The Goggomobil Dart was uniquely Australian. Bill Buckle, who had been fitting fibreglass bodies to the imported chassis and running gear of the Goggomobil sedan, enlisted the help of local engineer Stan Brown to design an open roadster iteration.
Taking design cues from more mainstream manufacturers, the Dart looked great, featuring rakish lines, E-Type Jaguar style headlights and even small but attractive tail fins.
Powered by the same 293 cc 2-cylinder 2-stroke 14.8 hp or 392 cc 2-cylinder 2-stroke 20 hp engines used in the sedan, the Dart weighed in at only 380 kg, and the little engines were able to propel the car (for those that were game) to a top speed of 100 km/h.
The Dart entered the market at a time when Australia was prospering, and while being extremely well priced, most snubbed the little car as being both silly and impractical. In the end only 700 Darts would be made.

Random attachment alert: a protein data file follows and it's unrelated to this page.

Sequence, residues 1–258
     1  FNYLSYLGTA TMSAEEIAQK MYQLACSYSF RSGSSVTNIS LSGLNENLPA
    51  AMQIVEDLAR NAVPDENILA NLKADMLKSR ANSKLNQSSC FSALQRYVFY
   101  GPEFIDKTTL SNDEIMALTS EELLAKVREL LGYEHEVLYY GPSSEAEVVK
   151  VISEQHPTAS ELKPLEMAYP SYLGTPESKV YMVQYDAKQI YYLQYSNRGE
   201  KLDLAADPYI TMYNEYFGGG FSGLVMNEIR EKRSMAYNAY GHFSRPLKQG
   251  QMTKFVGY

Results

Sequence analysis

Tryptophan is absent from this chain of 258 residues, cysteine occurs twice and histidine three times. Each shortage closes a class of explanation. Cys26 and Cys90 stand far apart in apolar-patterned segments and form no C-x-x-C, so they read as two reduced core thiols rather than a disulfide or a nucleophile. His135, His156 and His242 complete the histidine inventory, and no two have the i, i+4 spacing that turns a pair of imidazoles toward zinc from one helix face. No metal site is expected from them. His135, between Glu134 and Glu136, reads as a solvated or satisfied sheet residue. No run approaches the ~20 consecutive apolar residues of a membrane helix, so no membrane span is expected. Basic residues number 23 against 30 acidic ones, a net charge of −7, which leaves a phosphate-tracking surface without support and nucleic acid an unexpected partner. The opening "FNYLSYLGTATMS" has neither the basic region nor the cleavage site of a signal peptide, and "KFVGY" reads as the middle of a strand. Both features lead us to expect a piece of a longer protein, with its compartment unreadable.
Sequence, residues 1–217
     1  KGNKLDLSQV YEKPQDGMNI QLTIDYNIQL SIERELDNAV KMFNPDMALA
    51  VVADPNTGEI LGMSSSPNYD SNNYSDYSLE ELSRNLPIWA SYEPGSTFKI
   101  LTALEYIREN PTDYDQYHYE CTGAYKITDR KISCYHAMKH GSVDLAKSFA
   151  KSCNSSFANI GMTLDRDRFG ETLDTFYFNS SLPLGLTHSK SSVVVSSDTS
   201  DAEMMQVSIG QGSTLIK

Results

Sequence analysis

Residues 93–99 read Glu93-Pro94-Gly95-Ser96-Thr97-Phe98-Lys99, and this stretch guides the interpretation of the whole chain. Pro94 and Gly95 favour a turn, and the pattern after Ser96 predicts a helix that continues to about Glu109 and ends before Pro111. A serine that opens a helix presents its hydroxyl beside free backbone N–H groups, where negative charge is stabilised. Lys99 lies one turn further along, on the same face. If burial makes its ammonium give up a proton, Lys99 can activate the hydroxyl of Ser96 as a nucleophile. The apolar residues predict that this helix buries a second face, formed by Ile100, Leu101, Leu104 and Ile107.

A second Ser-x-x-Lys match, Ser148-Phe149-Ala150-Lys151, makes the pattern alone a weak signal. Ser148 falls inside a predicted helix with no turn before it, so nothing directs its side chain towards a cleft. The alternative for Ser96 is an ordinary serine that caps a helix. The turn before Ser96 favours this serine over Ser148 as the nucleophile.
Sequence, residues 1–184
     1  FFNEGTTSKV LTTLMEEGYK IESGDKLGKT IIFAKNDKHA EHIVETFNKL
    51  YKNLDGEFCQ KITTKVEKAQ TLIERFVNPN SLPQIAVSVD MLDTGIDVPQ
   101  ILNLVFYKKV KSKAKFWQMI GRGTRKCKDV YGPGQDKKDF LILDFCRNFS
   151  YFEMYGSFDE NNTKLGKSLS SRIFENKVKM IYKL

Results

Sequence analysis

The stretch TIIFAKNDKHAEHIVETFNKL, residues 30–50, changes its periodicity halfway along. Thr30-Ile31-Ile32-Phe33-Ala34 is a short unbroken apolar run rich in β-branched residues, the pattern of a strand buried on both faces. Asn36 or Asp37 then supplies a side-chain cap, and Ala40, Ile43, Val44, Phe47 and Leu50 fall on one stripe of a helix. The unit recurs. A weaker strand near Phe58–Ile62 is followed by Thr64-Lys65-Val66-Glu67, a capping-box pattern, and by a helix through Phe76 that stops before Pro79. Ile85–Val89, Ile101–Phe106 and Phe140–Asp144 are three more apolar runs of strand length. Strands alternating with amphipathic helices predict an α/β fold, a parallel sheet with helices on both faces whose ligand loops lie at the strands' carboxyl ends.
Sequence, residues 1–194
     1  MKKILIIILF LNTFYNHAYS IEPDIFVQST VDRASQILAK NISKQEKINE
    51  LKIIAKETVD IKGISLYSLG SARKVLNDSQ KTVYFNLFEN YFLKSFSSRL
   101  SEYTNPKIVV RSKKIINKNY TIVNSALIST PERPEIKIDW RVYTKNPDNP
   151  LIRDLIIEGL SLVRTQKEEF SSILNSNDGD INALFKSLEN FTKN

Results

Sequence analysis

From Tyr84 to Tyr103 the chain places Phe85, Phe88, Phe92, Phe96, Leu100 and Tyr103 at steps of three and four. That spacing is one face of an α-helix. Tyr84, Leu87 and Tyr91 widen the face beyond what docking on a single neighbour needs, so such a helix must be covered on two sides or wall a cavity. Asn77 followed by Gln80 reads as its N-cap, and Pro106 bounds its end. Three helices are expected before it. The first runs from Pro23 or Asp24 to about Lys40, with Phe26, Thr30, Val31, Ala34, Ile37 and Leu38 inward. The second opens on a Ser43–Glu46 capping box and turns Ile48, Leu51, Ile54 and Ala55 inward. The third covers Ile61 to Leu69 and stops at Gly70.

But it was other, better built and more practical cars that would spell the end of the mini car era. Cars such as Sir Alexander Issigonis brilliant Mini
would redefine the genre, and the Australian micro-car era would come to a quick end.
But, with anything automotive and built in small numbers, the Goggomobil’s today are considered highly collectable, their survival harking back to a time when things were more simple – and there is nothing wrong with that.